To some it may have looked like a normal ol’ Valentine’s Day party. But it took my breath away.
I had an overwhelming feeling that I was witnessing history…that the world was changing right before my eyes…that the walls had fallen and eyes had been opened.
I needed to photograph it, to save it, to somehow capture what was happening.
I begged for eye contact with other mothers, searching their face to see if they were seeing what was happening right there before our eyes — to our children. It was happening to our children…to their children.
They were being changed. They had already been changed, actually. At the party they were just living in their change. They were living changed. And it was so natural. So beautiful.
Did the children even notice it? Did they feel it? Did they remember what life was like before they were changed? Did they even realize it happened? Did they understand the magnitude of it? the implications of it? I don’t think so.
It was just their Valentine’s Day party. They were having fun with friends at the 6th grade party. There was food, Valentines, hearts, and cupcakes. There was a photo booth, props, paper plates, and Capri Sun. There was laughter and giggling and pushing and teasing. They were friends.
They. were. friends.
What I witnessed that day was a changed community. A changed community. 60-some-odd 6th graders who are forever changed. Forever different. And they were changed by my girl.
This group of children does life with Chloe. It doesn’t matter to them that she uses a wheelchair. It doesn’t matter to them that she doesn’t say much. She’s a part of the group, and they’re friends. She does life with them. They know her, and they’re comfortable with her.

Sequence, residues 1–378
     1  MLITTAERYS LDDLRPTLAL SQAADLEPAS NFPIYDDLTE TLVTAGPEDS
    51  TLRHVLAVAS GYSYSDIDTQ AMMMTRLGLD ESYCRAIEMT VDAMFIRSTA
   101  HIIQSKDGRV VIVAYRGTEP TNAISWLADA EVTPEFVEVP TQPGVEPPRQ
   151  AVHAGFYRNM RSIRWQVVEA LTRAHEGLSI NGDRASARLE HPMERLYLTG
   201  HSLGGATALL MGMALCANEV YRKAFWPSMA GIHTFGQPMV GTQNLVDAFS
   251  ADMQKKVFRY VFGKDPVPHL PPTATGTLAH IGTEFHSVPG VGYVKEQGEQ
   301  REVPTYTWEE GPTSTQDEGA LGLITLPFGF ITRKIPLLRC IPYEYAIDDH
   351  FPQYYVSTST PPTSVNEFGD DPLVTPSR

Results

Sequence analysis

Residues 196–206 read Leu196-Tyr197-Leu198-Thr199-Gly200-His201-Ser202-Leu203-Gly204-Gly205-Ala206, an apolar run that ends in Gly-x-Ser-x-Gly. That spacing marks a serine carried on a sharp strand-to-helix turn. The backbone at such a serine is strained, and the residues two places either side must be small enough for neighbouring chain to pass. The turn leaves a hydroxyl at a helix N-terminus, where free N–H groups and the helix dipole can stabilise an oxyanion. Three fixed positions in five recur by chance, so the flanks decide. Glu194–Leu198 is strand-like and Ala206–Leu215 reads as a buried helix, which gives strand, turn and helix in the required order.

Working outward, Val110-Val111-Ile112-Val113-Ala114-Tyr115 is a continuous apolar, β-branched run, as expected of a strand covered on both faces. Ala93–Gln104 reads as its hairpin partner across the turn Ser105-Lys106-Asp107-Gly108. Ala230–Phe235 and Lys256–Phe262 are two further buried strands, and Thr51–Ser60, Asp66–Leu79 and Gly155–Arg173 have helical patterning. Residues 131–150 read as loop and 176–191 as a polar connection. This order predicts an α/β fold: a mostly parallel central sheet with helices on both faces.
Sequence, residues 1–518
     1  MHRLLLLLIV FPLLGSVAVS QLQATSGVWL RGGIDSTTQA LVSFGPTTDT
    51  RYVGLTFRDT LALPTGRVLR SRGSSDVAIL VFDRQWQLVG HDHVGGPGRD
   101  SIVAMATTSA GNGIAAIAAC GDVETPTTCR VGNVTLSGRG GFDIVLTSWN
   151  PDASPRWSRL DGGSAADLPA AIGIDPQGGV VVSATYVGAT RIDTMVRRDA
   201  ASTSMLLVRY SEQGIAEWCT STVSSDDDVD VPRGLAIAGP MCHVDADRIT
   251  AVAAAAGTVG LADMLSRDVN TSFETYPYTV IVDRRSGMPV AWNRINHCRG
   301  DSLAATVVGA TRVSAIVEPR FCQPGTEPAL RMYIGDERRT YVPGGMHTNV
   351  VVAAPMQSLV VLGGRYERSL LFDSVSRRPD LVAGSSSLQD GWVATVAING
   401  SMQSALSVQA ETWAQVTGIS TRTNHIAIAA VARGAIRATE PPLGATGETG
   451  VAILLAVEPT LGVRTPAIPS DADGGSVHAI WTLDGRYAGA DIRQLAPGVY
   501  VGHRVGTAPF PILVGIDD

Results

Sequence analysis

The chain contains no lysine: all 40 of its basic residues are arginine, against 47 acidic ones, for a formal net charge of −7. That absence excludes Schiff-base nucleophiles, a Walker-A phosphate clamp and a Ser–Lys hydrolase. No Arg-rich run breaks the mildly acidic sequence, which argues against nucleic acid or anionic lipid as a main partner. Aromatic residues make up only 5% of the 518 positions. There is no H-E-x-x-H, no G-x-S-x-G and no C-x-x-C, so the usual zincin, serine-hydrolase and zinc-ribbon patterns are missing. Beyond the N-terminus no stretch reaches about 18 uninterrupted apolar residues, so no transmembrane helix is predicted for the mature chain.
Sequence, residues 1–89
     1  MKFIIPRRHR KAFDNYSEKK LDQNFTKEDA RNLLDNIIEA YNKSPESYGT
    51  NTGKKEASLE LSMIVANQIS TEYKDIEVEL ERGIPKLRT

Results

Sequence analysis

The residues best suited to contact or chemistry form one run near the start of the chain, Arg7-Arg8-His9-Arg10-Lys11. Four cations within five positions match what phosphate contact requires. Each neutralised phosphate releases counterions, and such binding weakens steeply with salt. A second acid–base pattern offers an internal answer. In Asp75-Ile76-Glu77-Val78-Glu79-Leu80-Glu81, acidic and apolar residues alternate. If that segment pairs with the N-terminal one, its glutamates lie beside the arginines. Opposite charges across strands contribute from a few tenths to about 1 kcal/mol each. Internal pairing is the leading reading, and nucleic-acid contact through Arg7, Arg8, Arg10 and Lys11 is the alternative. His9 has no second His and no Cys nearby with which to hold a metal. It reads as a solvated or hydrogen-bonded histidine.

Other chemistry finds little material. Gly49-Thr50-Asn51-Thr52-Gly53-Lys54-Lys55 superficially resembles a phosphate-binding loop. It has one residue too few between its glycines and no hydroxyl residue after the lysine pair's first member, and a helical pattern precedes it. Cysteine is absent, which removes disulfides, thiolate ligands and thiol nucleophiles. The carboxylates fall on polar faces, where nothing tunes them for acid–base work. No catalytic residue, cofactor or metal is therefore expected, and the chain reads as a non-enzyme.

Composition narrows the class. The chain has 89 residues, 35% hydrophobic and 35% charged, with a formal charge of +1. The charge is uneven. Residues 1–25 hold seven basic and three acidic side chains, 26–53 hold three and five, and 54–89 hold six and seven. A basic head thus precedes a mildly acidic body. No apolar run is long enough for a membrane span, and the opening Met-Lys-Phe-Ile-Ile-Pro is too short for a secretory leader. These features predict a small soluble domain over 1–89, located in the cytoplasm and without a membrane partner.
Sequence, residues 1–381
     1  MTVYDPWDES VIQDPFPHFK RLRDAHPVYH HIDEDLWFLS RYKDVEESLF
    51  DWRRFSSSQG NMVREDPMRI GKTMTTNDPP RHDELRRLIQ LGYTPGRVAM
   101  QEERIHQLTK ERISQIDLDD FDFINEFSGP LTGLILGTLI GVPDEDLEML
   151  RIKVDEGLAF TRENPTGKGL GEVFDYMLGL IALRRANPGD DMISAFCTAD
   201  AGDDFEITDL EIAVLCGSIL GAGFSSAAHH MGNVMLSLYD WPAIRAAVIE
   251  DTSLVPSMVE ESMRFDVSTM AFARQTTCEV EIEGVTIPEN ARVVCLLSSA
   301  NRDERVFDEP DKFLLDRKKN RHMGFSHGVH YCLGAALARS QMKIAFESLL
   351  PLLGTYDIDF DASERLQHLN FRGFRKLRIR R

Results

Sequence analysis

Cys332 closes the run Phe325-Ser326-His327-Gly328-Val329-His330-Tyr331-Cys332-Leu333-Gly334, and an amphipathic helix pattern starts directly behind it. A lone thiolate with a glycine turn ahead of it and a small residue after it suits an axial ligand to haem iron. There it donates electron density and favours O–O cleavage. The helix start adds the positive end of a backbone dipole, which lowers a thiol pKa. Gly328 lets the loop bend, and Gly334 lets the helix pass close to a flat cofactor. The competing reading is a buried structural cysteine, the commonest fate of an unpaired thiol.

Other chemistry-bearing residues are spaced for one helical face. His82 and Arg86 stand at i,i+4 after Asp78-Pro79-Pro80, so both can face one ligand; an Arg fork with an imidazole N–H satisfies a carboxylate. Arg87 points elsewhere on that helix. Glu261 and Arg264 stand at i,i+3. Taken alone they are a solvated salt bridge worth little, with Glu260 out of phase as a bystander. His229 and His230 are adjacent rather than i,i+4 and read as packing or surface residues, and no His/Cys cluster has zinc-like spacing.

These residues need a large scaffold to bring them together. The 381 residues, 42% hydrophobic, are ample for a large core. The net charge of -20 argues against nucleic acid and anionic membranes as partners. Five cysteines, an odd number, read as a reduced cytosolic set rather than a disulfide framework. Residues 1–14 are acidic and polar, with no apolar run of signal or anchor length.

They don’t greet her each morning because they pity her. They greet her each morning because she’s their friend.
They don’t get freaked out when Chloe gets intent on a mission and forgets to watch for their toes in her path; instead, they jump out of the way with a chuckle. They don’t stare when she cries out in class; instead, they ask her what’s wrong and encourage her to use her words. They don’t dismiss her when she makes noises with her mouth; instead, they use the context, look for clues, and figure out what she’s trying to say.
They listen to her. They know she has something to say, and they listen to her.
And these 6th grade boys and girls? They will someday be Chloe’s next door neighbor. They will someday be her doctor or her boss. They will someday be Chloe’s pastor. And they will know her. They will be comfortable with her. And they will listen to her.
They will stand up for her and will speak up for her … because they know her and they know what she’s saying.
These 6th graders aren’t like the kids at the mall who stop and stare at the sight of a girl using a wheelchair. They are no longer like the children in the store who act afraid when Chloe approaches them.
No. They are changed.
They are changed because they know Chloe.
Ask me if inclusion works. Ask me if I believe that all students benefit from inclusive education. Ask me if I think it will change the world.
Yes. Yes, yes, yes.
I just watched it happen. It happened over the last two years right in front of my eyes.
They. are. changed.
And these 6th graders? When they see a girl at the mall who uses a wheelchair? Will they stare? Will they be frightened if the girl smiles at them or acts interested in something they’re holding? Nope. I’m pretty sure they will smile at her and say, “Hello.” And I’m guessing a good number of them will shake her hand or give her a high-five. They may even stop to listen to see if she has anything to say. Because they are forever changed.